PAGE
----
After the death of my brother, I wanted nothing more than to go home, sleep, see my own family, and then grieve. I left Dallas Sunday morning. Exhausted, I had to pull the car over once and sleep about half an hour in a parking lot before continuing on. Once I got home, I spent some much needed time with my wife and son. By 4:30 in the afternoon, I was ready for bed. I downed two benadryl with a glass of wine, climbed into my bed and visited Mr. Sandman. I wake up disoriented and on the couch. The cause of my arousal from slumber was because a cat was on top of me. I have no idea why I'm out on the couch and I'm not even sure what day it is. I guess I was sleep walking again. The next thing I know is that I'm on the phone with my wife. Much like arriving on the couch, I don't even remember running to answer my cell phone. My first sense of consciousness was hearing these words from my wife, "your dad has a fever." She said it very slowly and loudly, speaking as if to someone who had cognitive difficulties. I am jolted awake now. "I'm on my way."
And on the way over to my parent's house, I automatically reach for the phone to call my brother to let him know that I'm taking dad to the emergency room. A split second later the realization hits me that he's not there to answer the phone anymore. Ah, shit. I can't break down crying now. I need my wits about me. I'll be damned if this week will hold two funerals. So I call my mom and request a source of caffeine waiting with my dad. Into the car he goes along with my mom and we're flying down to MD Anderson's ER.
I'm in the left lane flashing my lights at every car in my way. Most get out of the way. Then I realize that the next vehicle in front is a cop truck. He flashes his sirens as if to signal me to slow down. I pull up next to him and start mouthing "H-O-S-P-I-T-A-L." He doesn't understand me but he knows something is wrong. He then changes lane to get over to the passenger side of my car. My mom and dad roll down the windows and yell it again. Even though this is happening at 90 mph, he's close enough to them and finally, he recognizes. "Which one?" we read his lips. My mom signs M-D-A-C-C with her fingers. He nods in understanding. His diesel truck roars to life, gets in front of me, turns on his lights and begins to clear traffic out of the way for us. Only in Texas. God, I love this state.
We get to the emergency room. Like last time, by the time we get to there, he is not presenting with a fever. It doesn't matter in his cases like his. He had a fever at home and he's a leukemia patient recently out of chemo. Unlike last time, though, he's stable with respect to blood pressure and heart rate. No sign of impending septic shock this time around. The critical test results are the white blood cell counts, especially his neutrophils. By midnight, we have the results and his white counts are definitely low but his neutrophils are right on the edge of normal. It wouldn't take much of a drop for him to become neutropenic. IV antibiotics and fluids finish up around 1 am and the doc comes back around 2 am. My dad is right on the cusp and the doc is not sure what he wants to do. Technically, he could discharge my dad. He no longer has a fever and by definition, is not neutropenic. But good docs don't use just numbers.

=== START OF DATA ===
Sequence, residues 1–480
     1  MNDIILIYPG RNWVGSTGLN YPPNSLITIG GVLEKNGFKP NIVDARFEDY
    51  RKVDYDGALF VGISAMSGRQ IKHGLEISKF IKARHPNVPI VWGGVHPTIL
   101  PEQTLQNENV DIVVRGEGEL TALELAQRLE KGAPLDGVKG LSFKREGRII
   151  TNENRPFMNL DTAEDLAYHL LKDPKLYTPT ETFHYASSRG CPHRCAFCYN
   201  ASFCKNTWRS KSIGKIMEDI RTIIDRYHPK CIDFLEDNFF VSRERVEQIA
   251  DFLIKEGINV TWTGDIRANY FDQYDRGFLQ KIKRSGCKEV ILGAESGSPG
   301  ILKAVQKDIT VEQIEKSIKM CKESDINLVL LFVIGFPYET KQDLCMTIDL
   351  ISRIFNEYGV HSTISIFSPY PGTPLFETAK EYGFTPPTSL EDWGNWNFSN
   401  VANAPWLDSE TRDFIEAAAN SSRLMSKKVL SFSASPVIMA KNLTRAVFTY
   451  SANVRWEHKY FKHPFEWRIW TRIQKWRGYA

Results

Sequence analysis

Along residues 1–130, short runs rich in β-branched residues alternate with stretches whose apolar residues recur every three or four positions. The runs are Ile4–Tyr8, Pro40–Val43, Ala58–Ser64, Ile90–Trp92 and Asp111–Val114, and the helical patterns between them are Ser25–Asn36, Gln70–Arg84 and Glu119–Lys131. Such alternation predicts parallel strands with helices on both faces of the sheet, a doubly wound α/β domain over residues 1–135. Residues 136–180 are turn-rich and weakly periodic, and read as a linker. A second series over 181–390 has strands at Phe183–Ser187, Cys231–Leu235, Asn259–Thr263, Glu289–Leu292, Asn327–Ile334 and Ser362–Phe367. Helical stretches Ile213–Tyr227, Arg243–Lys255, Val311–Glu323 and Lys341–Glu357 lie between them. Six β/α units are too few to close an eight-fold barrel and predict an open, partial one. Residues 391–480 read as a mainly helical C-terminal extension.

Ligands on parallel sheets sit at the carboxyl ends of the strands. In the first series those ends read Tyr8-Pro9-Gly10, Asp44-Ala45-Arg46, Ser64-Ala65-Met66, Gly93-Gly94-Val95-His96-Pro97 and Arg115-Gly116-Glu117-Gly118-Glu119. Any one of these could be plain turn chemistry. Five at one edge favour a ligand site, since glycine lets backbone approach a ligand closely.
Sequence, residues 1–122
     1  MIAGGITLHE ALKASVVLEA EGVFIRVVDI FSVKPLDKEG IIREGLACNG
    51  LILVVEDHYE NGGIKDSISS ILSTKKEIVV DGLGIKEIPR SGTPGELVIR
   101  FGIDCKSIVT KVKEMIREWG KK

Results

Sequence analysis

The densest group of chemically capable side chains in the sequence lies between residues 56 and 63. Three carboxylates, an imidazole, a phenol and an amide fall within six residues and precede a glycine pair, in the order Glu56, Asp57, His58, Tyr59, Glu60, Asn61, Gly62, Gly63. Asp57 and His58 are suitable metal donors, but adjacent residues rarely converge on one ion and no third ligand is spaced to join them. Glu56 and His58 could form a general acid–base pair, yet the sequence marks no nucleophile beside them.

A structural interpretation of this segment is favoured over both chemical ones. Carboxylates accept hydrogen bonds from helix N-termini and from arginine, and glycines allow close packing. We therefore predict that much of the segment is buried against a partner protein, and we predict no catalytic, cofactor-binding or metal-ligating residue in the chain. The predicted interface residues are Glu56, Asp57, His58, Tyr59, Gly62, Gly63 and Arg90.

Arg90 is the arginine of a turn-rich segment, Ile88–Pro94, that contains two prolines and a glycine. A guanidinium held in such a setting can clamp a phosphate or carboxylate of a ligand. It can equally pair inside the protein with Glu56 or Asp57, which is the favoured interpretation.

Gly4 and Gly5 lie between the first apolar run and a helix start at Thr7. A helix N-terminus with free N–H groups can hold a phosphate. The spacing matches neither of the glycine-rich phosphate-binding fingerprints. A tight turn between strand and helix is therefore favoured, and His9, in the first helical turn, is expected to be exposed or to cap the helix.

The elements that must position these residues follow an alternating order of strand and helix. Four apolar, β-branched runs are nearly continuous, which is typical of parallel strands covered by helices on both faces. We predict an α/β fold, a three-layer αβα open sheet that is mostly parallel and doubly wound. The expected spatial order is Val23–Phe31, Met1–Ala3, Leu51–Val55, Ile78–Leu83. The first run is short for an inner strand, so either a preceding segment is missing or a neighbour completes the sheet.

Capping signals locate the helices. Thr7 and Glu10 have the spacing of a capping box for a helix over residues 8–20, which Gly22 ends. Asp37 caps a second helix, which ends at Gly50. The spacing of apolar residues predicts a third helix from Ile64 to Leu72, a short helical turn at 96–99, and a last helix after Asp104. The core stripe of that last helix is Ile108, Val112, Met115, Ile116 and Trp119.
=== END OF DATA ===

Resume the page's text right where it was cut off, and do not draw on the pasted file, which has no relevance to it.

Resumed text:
Given the current situation, he asks my dad, "what do you want to do?" My dad turns and asks me. I love the doc's response, "I'm not asking him. I'm asking you." We start talking through the process and it's clear that if he admits my dad now, the hospital stay has a higher probability of being shorter since he's very early on in the infection. That would increase the likelihood of my dad being able to attend his son's funeral. If he discharges him now with oral antibiotics, it's possible (in my mind I would say almost definite) that my dad's counts would start to plummet. With a limited number of infection fighting neutrophils, a secondary infection could set in and then we'd be in real trouble. Not only would he miss his son's funeral, he'd be at risk of his own funeral. With septic shock, it's not usualy the first infection that kills the patient. It's often the second much harder to treat one that does them in. The doc makes the decision. "I'm admitting him." I tell him that I agree and he kinda smirks and says, "good." He could care less if I agree. He's making the right decision about what's best for the patient, period. I like that even more. So instead of my parents being able to grieve properly together just 24 hours the death of their son, my dad is in the hospital.